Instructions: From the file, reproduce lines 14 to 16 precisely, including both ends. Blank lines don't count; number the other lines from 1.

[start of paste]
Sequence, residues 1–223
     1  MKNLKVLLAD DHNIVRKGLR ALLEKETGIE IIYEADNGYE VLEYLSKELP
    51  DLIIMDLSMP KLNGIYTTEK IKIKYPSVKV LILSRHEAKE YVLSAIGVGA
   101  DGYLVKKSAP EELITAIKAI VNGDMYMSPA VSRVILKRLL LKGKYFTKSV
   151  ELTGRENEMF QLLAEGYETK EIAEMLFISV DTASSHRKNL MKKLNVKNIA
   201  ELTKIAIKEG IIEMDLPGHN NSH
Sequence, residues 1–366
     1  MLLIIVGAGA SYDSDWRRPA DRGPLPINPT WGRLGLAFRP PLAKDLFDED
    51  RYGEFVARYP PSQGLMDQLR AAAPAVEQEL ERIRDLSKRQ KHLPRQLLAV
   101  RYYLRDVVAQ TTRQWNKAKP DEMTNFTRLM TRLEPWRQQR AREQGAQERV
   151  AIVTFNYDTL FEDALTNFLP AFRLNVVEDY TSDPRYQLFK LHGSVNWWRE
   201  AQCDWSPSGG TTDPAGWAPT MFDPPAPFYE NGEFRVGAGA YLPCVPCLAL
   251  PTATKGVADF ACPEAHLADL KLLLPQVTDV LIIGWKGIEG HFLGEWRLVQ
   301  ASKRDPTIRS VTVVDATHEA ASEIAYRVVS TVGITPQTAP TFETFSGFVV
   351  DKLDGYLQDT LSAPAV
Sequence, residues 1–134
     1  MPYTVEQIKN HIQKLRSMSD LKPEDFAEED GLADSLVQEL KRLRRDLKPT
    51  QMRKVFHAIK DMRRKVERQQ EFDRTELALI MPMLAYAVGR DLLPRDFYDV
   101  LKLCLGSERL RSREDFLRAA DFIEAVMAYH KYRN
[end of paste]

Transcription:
   301  ASKRDPTIRS VTVVDATHEA ASEIAYRVVS TVGITPQTAP TFETFSGFVV
   351  DKLDGYLQDT LSAPAV
Sequence, residues 1–134